Book Review. The Serpent Papers by Jessica Cornwell @JessACornwell

The Serpent Papers cover


I’m publishing this review slightly ahead of the actual official publication of this novel, (due on the 29th of January) so although I include the link to the pre-order page, I have not included some of the other data as that will not be available until after publication (and I imagine it could change). I suspect it will be quite easy to find, though.

I requested a free copy of this novel from Net Galley when I read the description and saw this was a book about a quest for knowledge, the search for an old manuscript, and the action took place in part in Barcelona. Being from Barcelona and having loved books and reading all my life, it was difficult to resist.

The Serpent Papers is the story of the search for an old illuminated manuscript (a palimpsest to be precise) that has been hidden for years to prevent its destruction. The links of this manuscript with alchemy, an enigmatic figure (Rex Illuminatus confused  at times with the historical figure of Ramon Llull), immortality, witches, and women’s murders make for a complex story. At the heart of the novel there’s a scholar/detective/expert, Anna Verco, who might or might not have some paranormal powers (that might instead be due to organic reasons). Like in many of these books, the search for meaning also becomes an inquiry into the main character and what she stands for.

Cornwell (granddaughter of John le Carré) builds up a complex structure to tell her story. Letters from different periods, accounts of previous attempts at investigating Rex Illuminatus by other experts, interviews of people who knew the victims, dreams and hallucinations…All of them sound and read real, showing a breadth of knowledge and characterization rich and convincing. The language can go from the poetic and lyrical to the mundane and down-to-earth, changing registers with ease.

I loved the little snippets of folk story and legends of the city of Barcelona, the descriptions of the landscape of the island of Mallorca, and the challenges the story poses. It is not an easy read and it can be demanding, both of one’s attention and also of knowledge and deductive capacities. I wondered if a cast of characters for the different eras with some brief descriptions might not make the reading experience easier.

Men using their power and violence to silence women, women being cast as witches as a way of shutting them up, and centuries of attempts at keeping secrets under wraps are not new ideas (at times it made me think of Lars von Trier’s Antichrist although the novel is more complex) but that does not detract from a solid novel that I kept imagining in a big screen near us. I can see actresses fighting over the main character and Barcelona and Mallorca looking very handsome indeed in the adaptation.

I understand this is the first in an ‘alchemical thriller’ trilogy. The appeal and the pull on the imagination of the subject would keep readers coming back for more. Readers who like books about intrigues in a historical setting and with conspiracy theory backgrounds will enjoy it, although I suspect it might be slightly more demanding than previous titles that have become very popular.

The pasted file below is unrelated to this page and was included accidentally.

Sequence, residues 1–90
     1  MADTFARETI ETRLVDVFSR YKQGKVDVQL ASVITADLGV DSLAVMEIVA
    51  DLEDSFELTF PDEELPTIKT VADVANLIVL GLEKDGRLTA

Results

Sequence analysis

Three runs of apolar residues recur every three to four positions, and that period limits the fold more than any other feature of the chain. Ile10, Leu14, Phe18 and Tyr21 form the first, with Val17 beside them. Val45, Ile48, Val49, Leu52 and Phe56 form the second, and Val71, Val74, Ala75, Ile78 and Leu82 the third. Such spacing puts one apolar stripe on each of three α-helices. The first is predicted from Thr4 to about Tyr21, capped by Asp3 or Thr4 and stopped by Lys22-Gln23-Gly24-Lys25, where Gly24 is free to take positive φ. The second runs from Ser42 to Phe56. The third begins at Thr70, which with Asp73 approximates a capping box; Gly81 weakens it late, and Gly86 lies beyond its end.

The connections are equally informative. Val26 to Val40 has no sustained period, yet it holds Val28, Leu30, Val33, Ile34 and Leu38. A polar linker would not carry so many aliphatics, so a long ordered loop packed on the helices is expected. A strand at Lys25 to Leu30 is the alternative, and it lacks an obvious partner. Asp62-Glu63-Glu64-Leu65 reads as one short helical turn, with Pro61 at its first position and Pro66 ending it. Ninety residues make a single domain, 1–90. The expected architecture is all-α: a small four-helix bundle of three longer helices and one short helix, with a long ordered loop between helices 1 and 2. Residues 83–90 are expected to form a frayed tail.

In a separate note, I wasn’t sure about the Catalan sentences. There were a number of typos and I couldn’t work out if it was phonetically recorded rather than intended as orthographically correct. More consistency in that aspect would have made the book more seamless for me (that would not be a problem for people not familiar with Catalan).

Just in case you want to check what others have said, here is the Guardian:

What the book is about: The search for a palimpsest (a piece of writing, usually ancient, done on top of another writing, a bit like some paintings that have been found to be painted on top of older images) that contains a secret, the people who’ve fought to preserve it and the price they’ve paid.

 Book Highlights: The historical background, the beauty of the descriptions of both Mallorca and Barcelona, the snippets of folk stories and insight into the world of theatre and performances. And the language.

 Challenges of the book: It is a book complex in structure, with different historical periods, different styles of writing and documents, and it keeps you on your toes. It can be dense at times.

 What do you get from it: It made me think, it made me wonder about my own city (Barcelona) and it got me thinking about structure and stylistics.

 What I would have changed if anything: I might have added some timelines and cast of characters in the different eras to aid readers navigate through the ins and outs and of its complex world. (See my above note about the fragments in Catalan in the book).

 Who Would I recommend this book to?: To readers of historical intrigue, lovers of alchemy, puzzles, who don’t mind a bit of a challenge. It also has a complex central female investigator who can “communicate” in interesting ways with books. Not suited if you’re just looking for an easy read or a break.

Realistic Characterization: 3.5/5
Made Me Think: 5/5
Overall enjoyment: 4/5
Readability: 3.5/5
Recommended: 4/5
Overall Rating: 4/5

Buy it at:  In pre-order at Amazon
Format & Pricing:
Paperback:  (480 pages) No link available

Olga Núñez Miret




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